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HomeFeatured PostsManhattan’s La Grande Boucherie Chef Maxime Kien Reveals inspiration from Past Generations...

Manhattan’s La Grande Boucherie Chef Maxime Kien Reveals inspiration from Past Generations of Chefs

Manhattan’s La Grande Boucherie Chef Maxime Kien Reveals inspiration from Past Generations of Chefs


Chef Maxime Kien is the new Executive Chef of NYC’s The Group, responsible for La Grande Boucherie, Boucherie Union Square, Boucherie West Village, Petite Boucherie and more.  And by the end of 2023, they’re launching even more restaurants throughout the United States..  


But today’s conversation is about how the past has inspired Chef Maxime Kien’s work.


Chef Maxime Kien has over twenty years of fine dining experience but it all started as a young boy growing up in his family’s kitchens.



You grew up in kitchens.  Your grandparents loved to cook and your father was a chef.  How did these experiences inspire you?


Well, my Dad was a professional Chef in the South of France.  In Monaco, all my grandparents, both my grandmothers and my grandfathers were great cooks. One of my great-grandfathers was a professional cook in Paris at an open air market that was very famous in the early 1900s. There was a very famous French brasserie opened over there and the story behind that is that the gentleman that opened that place wanted to have a place where all the chefs [that worked there] could meet because there was the open air market that was right next to it.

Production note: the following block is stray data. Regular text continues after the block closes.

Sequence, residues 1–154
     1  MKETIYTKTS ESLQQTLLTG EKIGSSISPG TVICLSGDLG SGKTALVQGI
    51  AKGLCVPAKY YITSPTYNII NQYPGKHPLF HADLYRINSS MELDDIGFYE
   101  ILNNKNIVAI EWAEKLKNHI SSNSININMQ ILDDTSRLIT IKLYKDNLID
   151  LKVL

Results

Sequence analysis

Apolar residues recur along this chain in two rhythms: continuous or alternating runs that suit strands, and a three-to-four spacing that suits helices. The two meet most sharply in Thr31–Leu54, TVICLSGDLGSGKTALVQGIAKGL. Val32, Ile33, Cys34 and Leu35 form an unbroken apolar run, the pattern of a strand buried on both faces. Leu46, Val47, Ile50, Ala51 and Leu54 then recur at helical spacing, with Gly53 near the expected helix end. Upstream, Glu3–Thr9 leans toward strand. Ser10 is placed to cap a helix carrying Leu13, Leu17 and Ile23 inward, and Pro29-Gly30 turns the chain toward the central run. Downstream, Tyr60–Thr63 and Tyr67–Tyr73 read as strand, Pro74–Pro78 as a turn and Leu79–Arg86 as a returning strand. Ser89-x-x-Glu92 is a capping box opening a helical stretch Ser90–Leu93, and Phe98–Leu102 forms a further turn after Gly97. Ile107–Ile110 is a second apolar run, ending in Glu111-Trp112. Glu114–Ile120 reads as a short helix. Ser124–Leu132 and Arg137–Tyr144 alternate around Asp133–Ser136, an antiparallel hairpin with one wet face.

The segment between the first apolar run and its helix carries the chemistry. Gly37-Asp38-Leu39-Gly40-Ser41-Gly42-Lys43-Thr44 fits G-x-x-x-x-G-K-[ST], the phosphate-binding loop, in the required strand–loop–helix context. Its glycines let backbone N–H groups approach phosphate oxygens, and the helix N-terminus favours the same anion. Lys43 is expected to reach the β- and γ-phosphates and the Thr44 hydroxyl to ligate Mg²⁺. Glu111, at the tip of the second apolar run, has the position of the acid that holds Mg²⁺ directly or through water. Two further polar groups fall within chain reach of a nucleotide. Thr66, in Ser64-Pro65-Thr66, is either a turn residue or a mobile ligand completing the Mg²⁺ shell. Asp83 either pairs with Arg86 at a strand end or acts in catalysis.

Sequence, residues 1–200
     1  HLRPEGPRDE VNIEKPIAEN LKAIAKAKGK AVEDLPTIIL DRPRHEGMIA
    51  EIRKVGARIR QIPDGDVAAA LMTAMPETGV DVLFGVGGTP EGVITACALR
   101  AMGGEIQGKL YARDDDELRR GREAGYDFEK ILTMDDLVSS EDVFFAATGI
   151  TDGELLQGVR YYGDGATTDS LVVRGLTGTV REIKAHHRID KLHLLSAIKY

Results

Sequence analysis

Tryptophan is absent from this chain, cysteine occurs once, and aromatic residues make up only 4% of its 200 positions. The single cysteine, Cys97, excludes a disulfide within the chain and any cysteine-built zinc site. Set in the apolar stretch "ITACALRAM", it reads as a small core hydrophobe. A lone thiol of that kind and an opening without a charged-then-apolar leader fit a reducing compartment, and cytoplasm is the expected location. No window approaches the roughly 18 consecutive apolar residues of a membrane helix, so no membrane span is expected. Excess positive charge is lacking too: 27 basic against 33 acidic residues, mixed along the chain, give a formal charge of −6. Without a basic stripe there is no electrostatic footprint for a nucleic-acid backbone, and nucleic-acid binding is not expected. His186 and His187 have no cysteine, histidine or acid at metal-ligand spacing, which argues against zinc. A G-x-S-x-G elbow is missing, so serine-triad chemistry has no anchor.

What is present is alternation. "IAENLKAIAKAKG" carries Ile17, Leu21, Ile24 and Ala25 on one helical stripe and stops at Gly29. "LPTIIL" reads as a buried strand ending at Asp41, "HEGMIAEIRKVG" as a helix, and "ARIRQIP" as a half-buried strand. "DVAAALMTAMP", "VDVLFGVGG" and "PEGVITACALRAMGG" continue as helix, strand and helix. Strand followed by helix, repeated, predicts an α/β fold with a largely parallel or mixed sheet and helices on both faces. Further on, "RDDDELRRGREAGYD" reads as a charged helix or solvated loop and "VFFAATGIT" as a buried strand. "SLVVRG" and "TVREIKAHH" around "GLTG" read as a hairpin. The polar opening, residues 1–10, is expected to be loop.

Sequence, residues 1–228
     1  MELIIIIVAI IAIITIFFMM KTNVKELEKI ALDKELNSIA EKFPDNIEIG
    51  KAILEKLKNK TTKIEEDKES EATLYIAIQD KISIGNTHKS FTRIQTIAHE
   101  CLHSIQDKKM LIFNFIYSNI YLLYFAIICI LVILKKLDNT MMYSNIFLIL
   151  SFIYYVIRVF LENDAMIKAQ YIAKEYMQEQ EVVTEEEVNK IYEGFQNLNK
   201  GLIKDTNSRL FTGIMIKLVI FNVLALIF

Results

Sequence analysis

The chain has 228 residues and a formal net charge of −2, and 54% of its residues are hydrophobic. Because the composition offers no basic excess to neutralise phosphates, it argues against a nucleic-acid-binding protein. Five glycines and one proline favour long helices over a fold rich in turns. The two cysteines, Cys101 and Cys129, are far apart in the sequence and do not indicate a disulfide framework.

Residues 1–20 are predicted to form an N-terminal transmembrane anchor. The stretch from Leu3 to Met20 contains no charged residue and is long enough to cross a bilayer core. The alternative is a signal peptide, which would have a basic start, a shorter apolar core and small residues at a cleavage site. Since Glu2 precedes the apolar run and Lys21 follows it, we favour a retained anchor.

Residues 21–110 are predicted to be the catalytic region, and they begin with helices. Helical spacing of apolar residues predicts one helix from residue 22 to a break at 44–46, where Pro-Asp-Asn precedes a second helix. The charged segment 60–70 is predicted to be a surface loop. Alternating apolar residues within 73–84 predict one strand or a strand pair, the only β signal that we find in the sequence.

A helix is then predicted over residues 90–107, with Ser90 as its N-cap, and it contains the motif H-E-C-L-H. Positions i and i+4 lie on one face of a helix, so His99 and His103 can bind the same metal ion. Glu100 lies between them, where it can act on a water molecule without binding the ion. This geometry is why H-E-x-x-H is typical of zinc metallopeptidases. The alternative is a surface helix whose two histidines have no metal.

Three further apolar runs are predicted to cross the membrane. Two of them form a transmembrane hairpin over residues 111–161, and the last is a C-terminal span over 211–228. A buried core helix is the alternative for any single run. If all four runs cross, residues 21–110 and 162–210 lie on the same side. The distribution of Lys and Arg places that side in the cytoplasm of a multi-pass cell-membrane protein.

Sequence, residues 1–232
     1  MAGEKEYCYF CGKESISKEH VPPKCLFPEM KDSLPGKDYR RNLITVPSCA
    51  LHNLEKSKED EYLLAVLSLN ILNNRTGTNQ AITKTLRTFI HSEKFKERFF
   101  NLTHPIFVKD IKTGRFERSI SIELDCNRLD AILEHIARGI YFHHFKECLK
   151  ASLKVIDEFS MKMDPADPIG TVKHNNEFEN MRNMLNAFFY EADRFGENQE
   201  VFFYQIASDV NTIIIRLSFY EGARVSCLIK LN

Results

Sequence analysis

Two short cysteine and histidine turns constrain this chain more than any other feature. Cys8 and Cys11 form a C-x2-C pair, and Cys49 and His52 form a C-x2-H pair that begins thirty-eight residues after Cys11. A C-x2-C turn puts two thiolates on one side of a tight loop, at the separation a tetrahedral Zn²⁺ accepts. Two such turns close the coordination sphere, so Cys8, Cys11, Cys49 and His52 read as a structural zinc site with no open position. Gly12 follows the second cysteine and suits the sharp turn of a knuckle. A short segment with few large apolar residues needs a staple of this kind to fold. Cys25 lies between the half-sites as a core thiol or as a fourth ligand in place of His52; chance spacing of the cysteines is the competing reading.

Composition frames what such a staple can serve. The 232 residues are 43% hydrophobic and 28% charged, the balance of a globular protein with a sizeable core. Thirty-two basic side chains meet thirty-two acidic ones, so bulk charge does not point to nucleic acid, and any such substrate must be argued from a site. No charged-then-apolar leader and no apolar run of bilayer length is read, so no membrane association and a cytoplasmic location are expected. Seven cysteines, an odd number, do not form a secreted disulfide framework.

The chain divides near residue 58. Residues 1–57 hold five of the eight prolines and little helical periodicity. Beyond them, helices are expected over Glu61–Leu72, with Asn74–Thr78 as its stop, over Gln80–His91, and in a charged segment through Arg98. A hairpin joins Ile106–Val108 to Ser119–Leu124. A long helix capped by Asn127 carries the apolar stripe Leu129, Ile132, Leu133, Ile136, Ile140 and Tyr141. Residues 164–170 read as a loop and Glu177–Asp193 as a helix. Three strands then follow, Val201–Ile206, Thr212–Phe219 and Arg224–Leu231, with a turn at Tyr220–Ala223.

So you had a mix of late night partiers that would go out and party and wanted a place to be able to go eat and drink all night long.  Now you had a place for that.


All the people that worked until late at night wanted a place where they could go and eat something before they went home. And Chefs that had to go to the market very early, at four o’clock in the morning to pick up that day’s poultry, rabbits, quails and all the fresh fish coming from Britain on a daily routine. They would do that at four o’clock in the morning and afterwards they needed a place to go for breakfast. 


It was open 24 hours a day. It was always a mix of people from show business, like singers and actors.


You would have Mick Jagger sitting at the bar. Next to him would be a Chef.  Next to the Chef would be a 14 year old boy having an omelet for breakfast with a glass of red wine at six o’clock in the morning. So it’s always been a mix of everything. 


Unfortunately, my Dad passed away when I was really young. I was six. But I guess I was drawn to cooking and that lifestyle.  It’s chaotic. When you’re working in a kitchen, you never know what time you’ll get done. It might be quiet and you get home at night by 10 o’clock. 


If you start to get busy, you might not be done until two o’clock in the morning. So it’s a mix of adrenaline and being busy and it’s tough and it’s grueling and it’s rewarding and it’s a mix of everything


How did growing up in kitchens with your family inspire you to run your own kitchen?


Every chef is different. The way I run my kitchen is different from the way that other chefs I’ve worked with run theirs. It’s like a recipe. Everyone can interpret it differently.  You take bits and pieces from a recipe to take the same dish and make it your own. 


Someone’s management style is the same way. I’ve worked for some chefs who were very good at managing people, but in the kitchen they were not as great. And some of them were geniuses at creating dishes, but they were not the best at managing people. So you have to create your own style.




You graduated culinary school when you were very young.  Would you still recommend school or encourage new chefs to learn hands-on in a kitchen?